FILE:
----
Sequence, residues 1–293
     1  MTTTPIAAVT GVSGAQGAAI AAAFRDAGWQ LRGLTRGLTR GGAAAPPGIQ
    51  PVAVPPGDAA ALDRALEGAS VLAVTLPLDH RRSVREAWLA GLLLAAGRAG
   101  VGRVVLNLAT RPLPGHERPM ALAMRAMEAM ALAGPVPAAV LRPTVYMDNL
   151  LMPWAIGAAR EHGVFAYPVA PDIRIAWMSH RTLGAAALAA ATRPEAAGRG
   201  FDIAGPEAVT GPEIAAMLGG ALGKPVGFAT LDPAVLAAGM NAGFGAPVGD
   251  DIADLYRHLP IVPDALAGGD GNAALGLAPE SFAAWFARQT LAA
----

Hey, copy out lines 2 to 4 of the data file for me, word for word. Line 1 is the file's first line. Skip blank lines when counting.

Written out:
     1  MTTTPIAAVT GVSGAQGAAI AAAFRDAGWQ LRGLTRGLTR GGAAAPPGIQ
    51  PVAVPPGDAA ALDRALEGAS VLAVTLPLDH RRSVREAWLA GLLLAAGRAG
   101  VGRVVLNLAT RPLPGHERPM ALAMRAMEAM ALAGPVPAAV LRPTVYMDNL